Editorial: Preserving the public record ensures a measure of accountability that is a linchpin of democracy
The National Archives and Records Administration is in the unfortunate position of seeking a solution that could be years away for a problem that exists today. The situation is both worse and better than it first appears.
NARA, responsible for storing all types of government records, is steadily working to find a way to retain electronic documents when the software used to create them is no longer available. The Electronic Records Archive project is intended to ensure that vital components of the public record — for example, e-mail messages and word processing documents that show how decisions were made — are not lost for posterity.
A recent report by the National Academies suggests that an already daunting task is made more difficult because NARA, with its legacy of working with paper documents, lacks adequate technical expertise within its organization.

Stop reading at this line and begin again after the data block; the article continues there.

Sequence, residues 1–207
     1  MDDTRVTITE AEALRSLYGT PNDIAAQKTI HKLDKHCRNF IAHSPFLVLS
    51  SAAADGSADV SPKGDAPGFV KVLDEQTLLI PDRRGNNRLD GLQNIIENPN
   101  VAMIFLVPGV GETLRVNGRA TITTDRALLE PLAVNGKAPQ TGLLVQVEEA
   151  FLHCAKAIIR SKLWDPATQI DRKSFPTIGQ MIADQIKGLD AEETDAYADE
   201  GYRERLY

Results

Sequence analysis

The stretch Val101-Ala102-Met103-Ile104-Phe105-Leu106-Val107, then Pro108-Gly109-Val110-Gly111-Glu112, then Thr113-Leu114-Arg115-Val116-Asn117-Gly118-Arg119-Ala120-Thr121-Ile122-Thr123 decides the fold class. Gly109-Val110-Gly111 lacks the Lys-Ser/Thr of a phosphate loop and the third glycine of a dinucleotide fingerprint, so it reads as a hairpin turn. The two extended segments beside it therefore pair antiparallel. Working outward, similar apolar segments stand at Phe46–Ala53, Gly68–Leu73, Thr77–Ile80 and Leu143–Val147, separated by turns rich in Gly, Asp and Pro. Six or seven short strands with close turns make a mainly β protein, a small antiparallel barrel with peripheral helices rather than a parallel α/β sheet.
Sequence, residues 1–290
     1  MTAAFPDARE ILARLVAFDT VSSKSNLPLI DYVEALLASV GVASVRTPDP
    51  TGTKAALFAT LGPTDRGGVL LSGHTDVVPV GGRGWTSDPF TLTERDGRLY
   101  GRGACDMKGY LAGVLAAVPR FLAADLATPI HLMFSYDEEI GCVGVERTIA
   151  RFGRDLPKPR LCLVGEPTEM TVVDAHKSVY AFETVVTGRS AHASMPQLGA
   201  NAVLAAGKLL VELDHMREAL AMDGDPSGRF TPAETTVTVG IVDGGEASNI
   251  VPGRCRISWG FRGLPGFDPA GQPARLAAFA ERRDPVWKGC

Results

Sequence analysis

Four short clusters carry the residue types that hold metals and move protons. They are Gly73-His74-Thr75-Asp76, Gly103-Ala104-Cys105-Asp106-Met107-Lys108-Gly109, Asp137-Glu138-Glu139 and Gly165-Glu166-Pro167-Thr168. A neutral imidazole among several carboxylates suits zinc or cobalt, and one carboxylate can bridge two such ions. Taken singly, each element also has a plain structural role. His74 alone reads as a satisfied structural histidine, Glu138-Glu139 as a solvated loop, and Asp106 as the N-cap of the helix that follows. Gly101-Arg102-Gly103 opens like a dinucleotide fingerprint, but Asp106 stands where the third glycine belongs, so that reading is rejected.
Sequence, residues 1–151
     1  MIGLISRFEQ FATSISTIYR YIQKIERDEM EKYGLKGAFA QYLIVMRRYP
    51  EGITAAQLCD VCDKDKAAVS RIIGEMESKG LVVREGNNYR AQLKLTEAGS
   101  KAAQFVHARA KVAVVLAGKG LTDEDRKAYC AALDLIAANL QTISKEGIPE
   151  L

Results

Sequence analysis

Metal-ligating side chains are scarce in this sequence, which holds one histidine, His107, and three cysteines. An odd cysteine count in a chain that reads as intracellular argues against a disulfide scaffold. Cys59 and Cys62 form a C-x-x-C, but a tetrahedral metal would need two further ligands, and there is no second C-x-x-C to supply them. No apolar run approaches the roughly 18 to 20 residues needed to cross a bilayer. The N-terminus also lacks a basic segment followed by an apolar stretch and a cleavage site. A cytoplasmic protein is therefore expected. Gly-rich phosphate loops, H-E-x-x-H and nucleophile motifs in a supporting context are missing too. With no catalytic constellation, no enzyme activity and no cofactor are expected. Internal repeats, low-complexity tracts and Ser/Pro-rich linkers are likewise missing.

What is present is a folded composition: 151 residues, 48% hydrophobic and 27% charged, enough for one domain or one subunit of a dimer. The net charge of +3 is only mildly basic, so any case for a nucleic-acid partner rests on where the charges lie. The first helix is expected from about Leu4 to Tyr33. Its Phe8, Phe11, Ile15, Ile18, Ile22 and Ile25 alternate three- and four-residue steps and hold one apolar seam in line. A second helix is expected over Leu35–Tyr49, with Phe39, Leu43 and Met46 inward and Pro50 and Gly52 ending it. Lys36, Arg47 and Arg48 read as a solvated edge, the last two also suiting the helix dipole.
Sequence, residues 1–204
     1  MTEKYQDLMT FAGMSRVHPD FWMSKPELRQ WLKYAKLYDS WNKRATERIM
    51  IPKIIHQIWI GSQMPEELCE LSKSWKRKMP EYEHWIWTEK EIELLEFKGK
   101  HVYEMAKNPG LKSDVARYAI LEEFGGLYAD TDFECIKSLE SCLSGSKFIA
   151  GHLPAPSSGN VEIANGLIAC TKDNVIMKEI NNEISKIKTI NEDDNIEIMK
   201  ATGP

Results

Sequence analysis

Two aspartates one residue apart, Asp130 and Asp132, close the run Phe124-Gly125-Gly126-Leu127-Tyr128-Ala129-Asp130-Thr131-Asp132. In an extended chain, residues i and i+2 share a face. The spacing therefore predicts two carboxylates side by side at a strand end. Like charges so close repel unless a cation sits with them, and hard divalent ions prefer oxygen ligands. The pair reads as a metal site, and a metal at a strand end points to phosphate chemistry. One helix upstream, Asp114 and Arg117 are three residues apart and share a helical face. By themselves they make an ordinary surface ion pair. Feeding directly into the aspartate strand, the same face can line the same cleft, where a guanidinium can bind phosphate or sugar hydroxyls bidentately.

But this is no time for NARA bashing. Although the agency has known of the problem for years, the technology needed to devise a long-term solution simply has not existed. Some experts would argue it still does not exist.
However, there is reason for hope. The dot-com era, for all its failures, fostered a revolution in data management. As data began moving from system to system — in e-commerce, for example — organizations had to find ways to structure that information so that it had meaning outside its original application.
Such was the genesis of the Extensible Markup Language and other Web-based innovations, which may not provide the final answer but at least point in the right direction.
Another reason for hope is that NARA officials appear very much aware of the agency's shortcomings. And although the National Academies' report may have highlighted serious challenges, the recommendations align closely with the agency's existing strategy, NARA officials said.
The primary concern is that NARA and other agencies do not lose sight of what is at stake. Preserving the public record, whether in paper files or on floppy disk, ensures a measure of accountability that is a linchpin of democracy.
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